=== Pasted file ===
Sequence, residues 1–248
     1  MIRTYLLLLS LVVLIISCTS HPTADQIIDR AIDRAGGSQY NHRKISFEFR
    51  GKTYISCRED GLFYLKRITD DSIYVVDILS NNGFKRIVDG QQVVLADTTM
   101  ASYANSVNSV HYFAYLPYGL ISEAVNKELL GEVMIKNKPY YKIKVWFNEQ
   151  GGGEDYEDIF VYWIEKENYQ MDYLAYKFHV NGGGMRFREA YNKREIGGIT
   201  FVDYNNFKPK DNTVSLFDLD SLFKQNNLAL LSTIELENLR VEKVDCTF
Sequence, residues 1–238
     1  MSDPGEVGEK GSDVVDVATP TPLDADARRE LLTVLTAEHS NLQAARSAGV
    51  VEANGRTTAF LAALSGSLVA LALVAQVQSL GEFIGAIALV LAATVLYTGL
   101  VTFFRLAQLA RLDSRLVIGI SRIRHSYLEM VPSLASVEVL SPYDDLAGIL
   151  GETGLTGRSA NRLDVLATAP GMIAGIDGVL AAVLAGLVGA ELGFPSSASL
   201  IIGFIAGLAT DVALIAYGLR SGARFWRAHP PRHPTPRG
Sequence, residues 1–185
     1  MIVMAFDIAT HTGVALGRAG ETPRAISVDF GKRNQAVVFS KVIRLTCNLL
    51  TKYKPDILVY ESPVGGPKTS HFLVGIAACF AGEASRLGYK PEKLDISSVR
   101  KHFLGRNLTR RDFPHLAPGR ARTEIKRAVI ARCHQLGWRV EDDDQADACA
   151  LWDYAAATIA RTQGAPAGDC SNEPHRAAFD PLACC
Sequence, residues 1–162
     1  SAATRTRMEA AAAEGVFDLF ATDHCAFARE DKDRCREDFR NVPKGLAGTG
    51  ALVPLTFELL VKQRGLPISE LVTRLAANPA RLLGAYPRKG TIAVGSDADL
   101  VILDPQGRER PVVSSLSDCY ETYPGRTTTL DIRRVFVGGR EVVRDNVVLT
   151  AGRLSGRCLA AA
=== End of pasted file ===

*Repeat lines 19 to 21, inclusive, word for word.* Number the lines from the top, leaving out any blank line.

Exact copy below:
     1  SAATRTRMEA AAAEGVFDLF ATDHCAFARE DKDRCREDFR NVPKGLAGTG
    51  ALVPLTFELL VKQRGLPISE LVTRLAANPA RLLGAYPRKG TIAVGSDADL
   101  VILDPQGRER PVVSSLSDCY ETYPGRTTTL DIRRVFVGGR EVVRDNVVLT